2 526 B. J. Xu et al. been demonstrated to be safe and effective by multiple clinical studies involving alcohol-dependent people [12 15], its efficacy and mechanisms are not fully understood. The most common side effects reported for patients taking campral in clinical trials include headache, diarrhoea, flatulence and nausea [16,17]. Therefore, safer medications and treatments are in demand to prevent alcoholic disorders. Currently, western countries have developed mainly synthetic medicines for treatment of alcoholism, while Asian countries, especially China, Japan and Korea, emphasize the use of natural medicines. Medicinal plants have been used in China for the treatment of alcoholism for centuries, but they have only recently attracted the attention of western scientists. Contrary to synthetic medicines, many traditional medicines and natural products have been known to have preventive and therapeutic effects for alcoholism. Recent experimental evidence and re-examination of empirical data from traditional medicines suggest that novel pharmacological approaches for the treatment of alcoholism might stem from natural substances. In this paper, we review research progress on natural medicines for the treatment of alcoholism by concentrating on the research and development of anti-alcoholism medicines from research papers and patents published from the 1980s to early Application of traditional hangover remedies and patent medicines Folk application of traditional hangover remedies In China, traditional medicines have been used safely and effectively to treat alcohol abuse for over two millennia. Today, several traditional single formula hangover remedies, such as Radix Puerariae, Flos Puerariae and Hovenia dulcis, and complex formulae such as ge-hua-jie-xing-tang, zhi-ge-yin and wu-ling-san, are being used. In addition, many other natural products such as ginseng, mung bean, rice bean, radish and dandelion are used as hangover remedies in folk medicine [18]. In Korea, the herb Virgate Wormwood is known to be tremendously effective in expelling accumulated alcohol from the body. It removes toxic wastes from the blood and organs and promotes urination. Because of this, doctors of oriental medicine prescribe the herb widely for liver diseases. Some believe that ginseng or Radix Astragali may also overcome hangovers. In addition, there are several traditional foods that are considered to be very effective for removing toxins. Of these, haejang-gook, a bean sprout soup loaded with hot red pepper, is considered the best for recovering from a hangover. In Japan, the typical hangover remedy is apricot with purple perilla. In Mexico, a common hangover remedy consists of alfalfa seed and dried orange tree leaves, steeped in one cup of boiled water. In Brazil, the herb jurubeba (Solanum paniculatum) is the most popular hangover remedy [19,20], which is used after excessive food and alcohol consumption to alleviate indigestion and bloating in the stomach. It has been proved that this herb is helpful in the treatment of liver diseases such as chronic hepatitis, liver obstruction and swelling of the liver. In Egypt, cabbage with vinegar is considered as an effective hangover remedy. It is believed that cabbage consumption allows drinkers to drink more alcoholic beverages (Table 1). Application of patent medicines Recently, as the need for alleviation of lingering intoxication has increased, a variety of prescriptions for intoxication have been attempted. In particular, for alleviating lingering intoxication, there is a tendency towards using food or pharmaceuticals prepared from the plants which have been used since ancient times. These prescriptions have been made into functional food, natural tea, beverages and medicines. Many patents have been applied by oriental countries, such as a concoction containing a mixture of alder, licorice root, honey and ground gourd that allegedly helps the liver to detoxify alcohol [21]. Studies on alcoholinduced laboratory rats that were given this tea revealed that it sharply reduced their amount of blood alcohol. A capsule for hangover treatment containing the active ingredient ephedrine in powdered form, vitamin B 6 and charcoal was found effective [22]. This prescription, which was designed to speed the time for recovery from a hangover, also included a therapeutic method for relieving the side effects of alcohol consumption. A galenic composition comprising fructose and an Table 1. Folk application of hangover remedies in various countries Traditional hangover remedies Radix Puerariae, Flos Puerariae Hovenia dulcis Ge-hua-jie-xing-tang, Zhi-ge-yin, Wu-ling-san Wormwood Ginseng or Radix Astragali Hae-jang-gook Apricot with purple perilla Jurubeba Alfalfa seed and dried orange tree leaf Cabbage with vinegar Application country China China China Korea Korea Korea Japan Brazil Mexico Egypt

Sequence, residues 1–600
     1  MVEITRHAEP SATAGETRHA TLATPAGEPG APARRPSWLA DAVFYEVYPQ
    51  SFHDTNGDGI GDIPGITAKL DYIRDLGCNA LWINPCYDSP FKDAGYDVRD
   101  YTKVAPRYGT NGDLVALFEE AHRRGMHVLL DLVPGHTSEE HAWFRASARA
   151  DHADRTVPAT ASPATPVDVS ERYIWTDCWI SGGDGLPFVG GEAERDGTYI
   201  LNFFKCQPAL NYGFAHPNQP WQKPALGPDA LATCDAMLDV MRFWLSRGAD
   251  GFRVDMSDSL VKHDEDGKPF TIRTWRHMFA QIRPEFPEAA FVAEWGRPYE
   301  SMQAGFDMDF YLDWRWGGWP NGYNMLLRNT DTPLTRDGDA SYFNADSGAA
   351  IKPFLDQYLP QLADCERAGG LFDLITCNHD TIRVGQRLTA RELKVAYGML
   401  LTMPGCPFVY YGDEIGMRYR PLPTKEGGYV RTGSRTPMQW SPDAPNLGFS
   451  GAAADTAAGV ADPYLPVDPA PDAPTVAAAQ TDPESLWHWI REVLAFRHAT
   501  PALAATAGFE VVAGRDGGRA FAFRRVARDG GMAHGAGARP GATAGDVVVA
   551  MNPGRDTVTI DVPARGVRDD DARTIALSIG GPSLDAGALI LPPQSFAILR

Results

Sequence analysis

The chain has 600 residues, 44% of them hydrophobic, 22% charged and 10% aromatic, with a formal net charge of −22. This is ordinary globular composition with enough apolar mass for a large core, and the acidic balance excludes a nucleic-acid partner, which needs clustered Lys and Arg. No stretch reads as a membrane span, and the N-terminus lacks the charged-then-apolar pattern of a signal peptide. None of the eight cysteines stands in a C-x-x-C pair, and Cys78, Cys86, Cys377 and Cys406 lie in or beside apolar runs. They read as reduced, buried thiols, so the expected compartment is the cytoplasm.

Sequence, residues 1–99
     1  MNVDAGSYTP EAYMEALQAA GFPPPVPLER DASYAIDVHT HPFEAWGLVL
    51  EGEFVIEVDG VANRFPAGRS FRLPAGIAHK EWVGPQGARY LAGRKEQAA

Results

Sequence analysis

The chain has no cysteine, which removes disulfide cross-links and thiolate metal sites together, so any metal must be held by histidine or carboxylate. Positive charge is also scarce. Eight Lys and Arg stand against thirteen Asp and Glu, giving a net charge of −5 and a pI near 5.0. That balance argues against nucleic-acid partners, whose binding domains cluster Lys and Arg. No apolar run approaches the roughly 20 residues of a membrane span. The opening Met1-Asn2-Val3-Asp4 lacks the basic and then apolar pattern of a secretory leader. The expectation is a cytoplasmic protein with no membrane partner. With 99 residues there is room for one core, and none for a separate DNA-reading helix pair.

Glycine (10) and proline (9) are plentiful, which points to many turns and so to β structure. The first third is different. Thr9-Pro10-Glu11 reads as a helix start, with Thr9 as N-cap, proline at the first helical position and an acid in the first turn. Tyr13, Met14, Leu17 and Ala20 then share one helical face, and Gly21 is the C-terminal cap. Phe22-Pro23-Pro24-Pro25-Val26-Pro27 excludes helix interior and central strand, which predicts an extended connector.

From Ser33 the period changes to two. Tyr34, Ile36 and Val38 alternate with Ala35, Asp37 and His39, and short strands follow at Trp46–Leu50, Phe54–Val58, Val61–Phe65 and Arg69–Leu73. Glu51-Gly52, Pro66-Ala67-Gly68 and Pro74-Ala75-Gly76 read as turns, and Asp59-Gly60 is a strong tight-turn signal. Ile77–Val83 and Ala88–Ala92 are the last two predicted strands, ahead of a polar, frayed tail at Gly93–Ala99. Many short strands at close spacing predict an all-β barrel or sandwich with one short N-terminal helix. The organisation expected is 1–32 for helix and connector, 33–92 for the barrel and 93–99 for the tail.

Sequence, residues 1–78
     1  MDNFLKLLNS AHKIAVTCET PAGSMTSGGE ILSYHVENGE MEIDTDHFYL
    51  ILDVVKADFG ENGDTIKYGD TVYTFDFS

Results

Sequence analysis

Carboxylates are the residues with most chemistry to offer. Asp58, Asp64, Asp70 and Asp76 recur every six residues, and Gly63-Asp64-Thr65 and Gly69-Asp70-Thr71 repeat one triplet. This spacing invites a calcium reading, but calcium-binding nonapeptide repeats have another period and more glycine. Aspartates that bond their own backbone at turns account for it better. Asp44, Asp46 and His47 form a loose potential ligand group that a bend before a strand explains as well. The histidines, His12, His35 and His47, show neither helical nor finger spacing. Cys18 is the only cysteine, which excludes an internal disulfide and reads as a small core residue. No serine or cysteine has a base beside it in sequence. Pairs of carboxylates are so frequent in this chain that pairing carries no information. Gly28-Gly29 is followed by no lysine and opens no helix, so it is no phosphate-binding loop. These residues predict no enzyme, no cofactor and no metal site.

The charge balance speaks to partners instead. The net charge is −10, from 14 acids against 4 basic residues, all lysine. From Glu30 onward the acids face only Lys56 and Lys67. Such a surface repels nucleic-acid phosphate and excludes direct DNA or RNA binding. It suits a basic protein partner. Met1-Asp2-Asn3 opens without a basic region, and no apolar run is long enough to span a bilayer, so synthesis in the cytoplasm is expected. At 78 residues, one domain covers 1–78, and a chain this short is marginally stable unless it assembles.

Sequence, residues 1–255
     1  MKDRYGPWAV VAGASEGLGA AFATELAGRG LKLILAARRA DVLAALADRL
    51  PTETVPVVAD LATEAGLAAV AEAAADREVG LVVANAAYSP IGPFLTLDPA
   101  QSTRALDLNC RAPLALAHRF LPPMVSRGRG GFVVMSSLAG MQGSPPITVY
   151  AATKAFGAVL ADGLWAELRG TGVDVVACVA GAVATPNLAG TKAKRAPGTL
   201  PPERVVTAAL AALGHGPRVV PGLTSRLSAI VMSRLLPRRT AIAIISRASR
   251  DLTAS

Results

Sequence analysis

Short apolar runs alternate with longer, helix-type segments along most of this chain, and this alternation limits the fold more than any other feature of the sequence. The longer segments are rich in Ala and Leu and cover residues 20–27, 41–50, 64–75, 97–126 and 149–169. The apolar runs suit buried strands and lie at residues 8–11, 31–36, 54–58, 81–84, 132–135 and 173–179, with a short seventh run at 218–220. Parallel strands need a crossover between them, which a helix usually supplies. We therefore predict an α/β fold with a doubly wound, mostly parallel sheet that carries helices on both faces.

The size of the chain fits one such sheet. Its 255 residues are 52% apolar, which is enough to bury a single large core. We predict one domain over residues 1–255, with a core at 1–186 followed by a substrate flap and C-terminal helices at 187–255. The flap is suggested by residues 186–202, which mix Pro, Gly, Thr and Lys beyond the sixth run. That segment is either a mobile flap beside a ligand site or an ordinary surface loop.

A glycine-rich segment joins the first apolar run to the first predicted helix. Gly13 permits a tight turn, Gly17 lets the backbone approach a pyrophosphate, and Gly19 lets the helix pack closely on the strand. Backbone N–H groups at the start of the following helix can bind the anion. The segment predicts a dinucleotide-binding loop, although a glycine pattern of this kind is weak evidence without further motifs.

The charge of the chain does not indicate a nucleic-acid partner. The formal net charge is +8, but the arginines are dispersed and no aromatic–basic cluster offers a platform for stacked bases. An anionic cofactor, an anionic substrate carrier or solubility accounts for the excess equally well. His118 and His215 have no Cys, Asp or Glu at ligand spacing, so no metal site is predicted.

3 Natural medicines for alcoholism treatment 527 aqueous extract of Flos Puerariae, Semen Phaseoli Radiati and Rhizoma Pinelliae [23] has been found to possess valuable pharmacological properties in the prevention of the after-effects related to ingesting excessive amounts of alcohol. This composition decreased blood alcohol concentration, reduced the increased content of neutral fat in the blood, and was found effective to increase metabolic activities of alcohol dehydrogenase (ADH), aldehyde dehydrogenase (ALDH) and a pharmaceutically acceptable carrier. An invention [24] pertaining to lower blood alcohol concentration by administering an extract of Rhus verniciflua, used traditionally in Korea, Japan and China in making a lacquer paint, overcomes hangover, alcoholic gastritis and alcohol-induced liver damage. Despite these traditional natural products being used to treat alcoholism safely and effectively, a lack of scientific data has restricted their application in clinical medicine. In the past two decades, some endeavours have been undertaken to seek scientific evidence to support their clinical application. Remarkable progress has been made towards research and development of natural therapeutic agents. Scientific investigation of natural alcoholism remedies have been focused on three aspects, according to the characteristics of alcohol metabolism in the body: (i) decreasing appetite for drinking and suppressing alcohol intake; (ii) inhibiting alcohol absorption in gastrointestinal tract, and reducing alcohol concentration in blood; and (iii) developing medicine to act on the liver metabolic enzyme system, accelerating the elimination rate of alcohol and its metabolites and alleviating injury to tissue and cells. Effect of natural medicines on alcohol intake Reduction of the appetite for alcohol provided a useful means for the treatment of alcoholism. The experimental application of herbal and traditional medicines has been used to cure alcohol dependence. The results indicate that pure compounds daidzin and puerarin from Radix Puerariae (kudzu), extracts from Hypericum perforatum (St John s wort) and iboganine from Tabernathe iboga suppressed alcohol intake in animal models of excessive drinking with minimal effects on other appetitive behaviours. It appears that these substances exert their effects by modulating several neuronal systems implicated in drinking behaviour. The effects of natural medicine and their purified compounds on alcohol intake in alcohol-preferring rats have been summarized in several reviews [25 27]. The reducing effect of Radix Puerariae, Tabernathe iboga, Salvia miltiorrhiza and Hypericum perforatum on voluntary alcohol intake in animal models of alcoholism have been summarized in detail [25,26]. In this section, we make a brief summary on natural substances and their suppressant effect (shown in Table 2) on alcohol intake. Hypericum perforatum Several pre-clinical studies showed that extracts of H. perforatum (St John s wort) might reduce voluntary intake of alcohol significantly in several strains of alcohol-preferring rats: the fawn-hooded (FH) rats, the high-alcohol-drinking (HAD) rats, the Marchigian Sardinian (msp) rats and the caa rats [28 34]. Hyperforin has been suggested to be an active compound, which reduces alcohol intake [31]. Although the mechanism of action of the extracts of H. perforatum on alcohol intake was not understood fully, the ability of the H. perforatum to affect serotonergic, dopaminergic and opioidergic systems in mesolinbic regions in the central nervous system (CNS), directly or indirectly, might help to explain its efficacy in the treatment of mild to moderate depression and alcoholism. Pueraria lobata P. lobata, also known as kudzu, has been used as a medicine in China since 200 BC (Shen Nong Ben Cao Jing, Anonymous, about 200 BC). It has a special reputation as an anti-intoxication agent noted in the Chinese Pharmacopeia of AD 600 (Thousand Golden Prescriptions, Sun Simiao, about AD 600) and later as Table 2. Natural substances with suppressing effect on alcohol intake Active substances Plant sources Animal models References Extracts, Hyperforin H. perforatum FH rats, HAD rats, msp rats, 28, 29, 30, 31, 32, 33, 34 the caa rats NPI-028 P. lobata Syrian golden hamsters, 38, 39, 40 Extracts, Daidzin, All alcohol-drinking animals Daidzein, Puerarin (NPI-31G) Ibogaine T. iboga FH rats, P rats, AA rats 58 Tanshinone IIa S. miltiorrhiza sp rats 54, 55, 56 IDN 5082